# Is this house-rule that has each monster/NPC roll initiative separately (even when there are multiple creatures of the same kind) game-breaking?

The rules for initiative in PHB read (emphasis mine):

Initiative determines the order of turns during combat. When combat starts, every participant makes a Dexterity check to determine their place in the initiative order. The DM makes one roll for an entire group of identical creatures, so each member of the group acts at the same time.

The DMG offers several variant rules for initiative besides the above ruling: Initiative Score (i.e. a passive Dexterity check, rather than an active roll), and Side Initiative (each group rolls a d20, without modifiers), and Speed Factor (more uncertainty, less speed). For large groups of enemies, some DMs decide to split them into subgroups (see Greenstone Walker's answer to "How does having monsters of the same type go at the same time affect balance?"). I find the ruling about initiative in PHB asymmetric$$\^1\$$ and none of the listed alternatives really satisfies me.

Would a house rule that allows rolling initiative for each$$\^2\$$ enemy (even of the same type) be a game-breaking one? Or would there be just minor problems at most?

$$\^1\$$ I wonder why the PCs can have all different initiative rolls while monsters (even of the same type) should share the same one. They are still different individuals which may react with different speed.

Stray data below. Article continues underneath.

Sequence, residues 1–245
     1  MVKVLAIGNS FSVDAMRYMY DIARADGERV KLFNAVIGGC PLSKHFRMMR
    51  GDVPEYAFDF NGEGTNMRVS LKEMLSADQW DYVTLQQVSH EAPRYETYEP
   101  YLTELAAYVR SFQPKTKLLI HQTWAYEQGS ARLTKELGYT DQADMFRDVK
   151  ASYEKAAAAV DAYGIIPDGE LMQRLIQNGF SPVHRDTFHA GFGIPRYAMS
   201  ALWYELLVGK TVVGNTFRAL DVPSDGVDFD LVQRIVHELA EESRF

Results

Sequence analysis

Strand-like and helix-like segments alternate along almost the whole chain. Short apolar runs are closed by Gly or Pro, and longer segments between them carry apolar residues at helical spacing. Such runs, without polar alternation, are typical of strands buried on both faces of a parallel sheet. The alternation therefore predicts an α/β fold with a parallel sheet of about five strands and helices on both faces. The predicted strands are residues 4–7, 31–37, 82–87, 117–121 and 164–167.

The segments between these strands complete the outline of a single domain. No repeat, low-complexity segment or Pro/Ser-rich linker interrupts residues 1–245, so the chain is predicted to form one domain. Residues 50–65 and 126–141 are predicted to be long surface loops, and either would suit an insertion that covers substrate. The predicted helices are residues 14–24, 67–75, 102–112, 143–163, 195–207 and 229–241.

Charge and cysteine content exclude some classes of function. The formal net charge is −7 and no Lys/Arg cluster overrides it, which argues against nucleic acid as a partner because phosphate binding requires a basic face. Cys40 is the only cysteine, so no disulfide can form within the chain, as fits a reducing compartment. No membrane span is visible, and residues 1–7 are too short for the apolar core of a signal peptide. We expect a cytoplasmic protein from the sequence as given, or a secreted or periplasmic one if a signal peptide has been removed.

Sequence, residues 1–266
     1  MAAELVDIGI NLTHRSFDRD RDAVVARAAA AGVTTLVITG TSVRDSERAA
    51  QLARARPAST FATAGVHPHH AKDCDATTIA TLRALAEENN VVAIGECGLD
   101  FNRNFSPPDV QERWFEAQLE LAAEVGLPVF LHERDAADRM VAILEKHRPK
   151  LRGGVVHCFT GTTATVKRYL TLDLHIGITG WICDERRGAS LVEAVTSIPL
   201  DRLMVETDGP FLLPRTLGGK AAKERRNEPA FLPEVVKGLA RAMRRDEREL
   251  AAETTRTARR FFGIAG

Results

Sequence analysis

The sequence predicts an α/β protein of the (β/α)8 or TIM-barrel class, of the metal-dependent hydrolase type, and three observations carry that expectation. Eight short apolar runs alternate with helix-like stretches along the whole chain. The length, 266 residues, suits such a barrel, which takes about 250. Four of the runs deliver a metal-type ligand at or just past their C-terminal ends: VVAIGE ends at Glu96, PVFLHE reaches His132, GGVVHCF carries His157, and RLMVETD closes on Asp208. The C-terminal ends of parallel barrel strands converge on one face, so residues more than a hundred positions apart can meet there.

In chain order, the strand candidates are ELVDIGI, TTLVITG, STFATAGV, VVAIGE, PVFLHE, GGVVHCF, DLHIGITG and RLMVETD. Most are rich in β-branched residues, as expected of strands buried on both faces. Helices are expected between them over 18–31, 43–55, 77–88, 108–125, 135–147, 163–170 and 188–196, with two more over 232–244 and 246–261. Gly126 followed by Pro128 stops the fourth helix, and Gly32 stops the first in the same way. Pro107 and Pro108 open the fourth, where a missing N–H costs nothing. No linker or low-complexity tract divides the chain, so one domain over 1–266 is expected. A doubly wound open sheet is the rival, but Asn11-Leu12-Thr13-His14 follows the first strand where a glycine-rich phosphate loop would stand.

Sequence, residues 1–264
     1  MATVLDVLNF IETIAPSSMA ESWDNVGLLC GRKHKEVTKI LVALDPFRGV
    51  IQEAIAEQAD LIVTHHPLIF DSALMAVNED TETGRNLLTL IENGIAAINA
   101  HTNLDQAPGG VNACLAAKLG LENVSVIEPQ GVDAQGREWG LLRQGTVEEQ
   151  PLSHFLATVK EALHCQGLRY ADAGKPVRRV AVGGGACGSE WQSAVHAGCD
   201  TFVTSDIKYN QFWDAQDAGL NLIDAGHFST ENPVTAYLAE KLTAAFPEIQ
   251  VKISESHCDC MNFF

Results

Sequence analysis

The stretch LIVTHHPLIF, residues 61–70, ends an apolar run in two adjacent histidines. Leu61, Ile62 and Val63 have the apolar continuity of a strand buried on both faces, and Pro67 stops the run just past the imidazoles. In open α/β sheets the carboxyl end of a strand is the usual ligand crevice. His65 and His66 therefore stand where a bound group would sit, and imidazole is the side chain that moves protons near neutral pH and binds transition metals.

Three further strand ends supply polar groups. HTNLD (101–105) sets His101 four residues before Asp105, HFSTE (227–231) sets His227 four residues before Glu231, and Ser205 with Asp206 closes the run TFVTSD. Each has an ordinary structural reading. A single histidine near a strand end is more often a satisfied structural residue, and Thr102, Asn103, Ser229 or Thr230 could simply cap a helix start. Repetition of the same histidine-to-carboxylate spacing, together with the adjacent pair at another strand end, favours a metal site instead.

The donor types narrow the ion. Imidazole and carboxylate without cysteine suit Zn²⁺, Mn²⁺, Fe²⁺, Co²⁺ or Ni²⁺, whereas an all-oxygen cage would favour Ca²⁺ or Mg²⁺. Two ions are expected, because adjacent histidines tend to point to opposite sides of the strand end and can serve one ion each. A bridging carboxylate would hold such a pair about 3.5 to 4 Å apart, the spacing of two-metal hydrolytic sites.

$$\^2\$$ Do not consider here the issue of rolling a lot of d20s for the initiative (if you consider it a problem).

• – Eddymage Dec 29 '20 at 11:31
• This is exactly why a good DM always keeps at least a handful of d20s in their pocket at all times. – Zibbobz Dec 29 '20 at 14:24

### I usually do this, but it can become difficult when the enemies are numerous.

This is what I usually do for initiative, and most of the time, it causes no issues at all. It is when the number of NPC combatants gets to be large that individual initiative starts to get cumbersome.

I once ran a battle against four NPCs with 8 bears and rolled them all individually, and I lost track of which bear was which after the first round. The utility of rolling the group at the same time is that you don't have to distinguish between them in the initiative order. It doesn't matter which bear is which, they all go at the same time.

### This is not a game balance concern.

If anything, this eliminates a possible game balance concern. Rolling the entire group at once gives the DM the opportunity to dogpile a character without them or their allies having a turn in between attacks from the NPCs. To be clear, I never would have dogpiled one character with 8 bears, but rolling initiative individually makes that less feasible of a tactic for the DM to pull.

• I run my combats with the house rule depicted above and when there are a lot of enemies I use labels (for example, Bear A, Bear B etc). I was wondering if there is another reason (mainly about game mechanics) for rolling only one d20 for a group of creature or it is just for easen the order tracking. – Eddymage Dec 28 '20 at 14:03
• This is what I do as well, and the only time it's made much difference for me is when enemies have abilities that are meant to work together (like Pack Tactics, for example). Group initiative makes that sort of trait more effective, though not (in my experience) enough to really alter combat. – Upper_Case Dec 28 '20 at 17:19